The next-gen iPhone was lost in a bar by an Apple engineer that was testing it, or so the story goes. An unnamed party found it, and upon realizing it was not a normal iPhone began shopping it around to gadget blogs. Editors at Gizmodo disclosed on their site that the person who found the phone was paid $5000 for it. It is currently unclear if the investigation is targeting Gizmodo's parent entity, Gawker Media, or the individual that sold them the phone.
California law makes clear that knowingly receiving stolen property is in almost as much trouble as the one who stole the property. Going after Gawker, however, would likely run afoul of 1st Amendment freedom of the press issues. Of course, all this is completely separate from any civil action Apple might take against Gawker for the leak. What's your take? Does the phone count as stolen? If so, should Gawker/Gizmodo be held liable.
Gizomodo Gizmodo says the documents in hand only contain promotional plans--no information about the smartphone’s hardware or software specifications. It appears that Windows Phone 7 isn’t part of the pink plan, and that social networking will be the phone’s forte.
Gizomodo Gizmodo, relying on additional inside information, says that two phones will be introduced, and that the end of April is the most likely launch time.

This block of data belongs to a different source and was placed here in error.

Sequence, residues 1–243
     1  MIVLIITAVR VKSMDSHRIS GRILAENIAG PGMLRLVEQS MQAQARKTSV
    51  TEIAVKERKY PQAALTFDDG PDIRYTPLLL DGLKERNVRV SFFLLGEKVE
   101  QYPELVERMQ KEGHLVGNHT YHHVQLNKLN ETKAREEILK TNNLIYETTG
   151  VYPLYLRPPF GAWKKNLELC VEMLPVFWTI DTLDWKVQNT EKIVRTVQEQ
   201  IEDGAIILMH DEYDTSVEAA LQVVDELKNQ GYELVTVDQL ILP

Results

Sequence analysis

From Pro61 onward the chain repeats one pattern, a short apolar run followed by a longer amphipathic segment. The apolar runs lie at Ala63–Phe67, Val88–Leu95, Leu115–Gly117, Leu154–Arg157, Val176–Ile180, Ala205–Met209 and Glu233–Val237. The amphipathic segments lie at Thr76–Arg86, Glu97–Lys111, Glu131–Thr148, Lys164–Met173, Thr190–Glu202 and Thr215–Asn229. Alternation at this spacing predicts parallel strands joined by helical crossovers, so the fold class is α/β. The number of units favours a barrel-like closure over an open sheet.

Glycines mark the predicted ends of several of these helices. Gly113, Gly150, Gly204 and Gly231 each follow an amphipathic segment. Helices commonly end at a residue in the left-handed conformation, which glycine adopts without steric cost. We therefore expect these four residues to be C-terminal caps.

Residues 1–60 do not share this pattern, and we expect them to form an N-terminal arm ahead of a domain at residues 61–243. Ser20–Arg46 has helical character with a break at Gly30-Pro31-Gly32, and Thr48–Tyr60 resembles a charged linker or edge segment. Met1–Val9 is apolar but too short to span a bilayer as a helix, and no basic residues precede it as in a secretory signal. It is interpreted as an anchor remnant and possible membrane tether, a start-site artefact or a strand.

A virulent strain of Apple-tablet fever has the internet in its tight grip, with fanboys, skeptics and everyone in between – among those who care at all about shiny new gadgets - showing different signs. And if blogs like Gawker Media-owned Valleywag have their way, the fever will march rampantly toward an impending crescendo, which is expected to be the period intervening the unveiling and the launch of the tablet. Valleywag is offering a fortune to anyone willing to share “pictures or video or one hour of touching and licking with the Apple Tablet.” Valleywag has chosen to cap its generosity at a mere $100,000. This is what is being offered:
The Washington Post says it sought expert opinion on the legality of Valleywag's offer. Unfortunately, the lawyer they asked wasn't impressed because Apple could drag Gawker to court for “inducing breach of contract, since anyone who has their hands on the tablet is certainly under a nondisclosure agreement."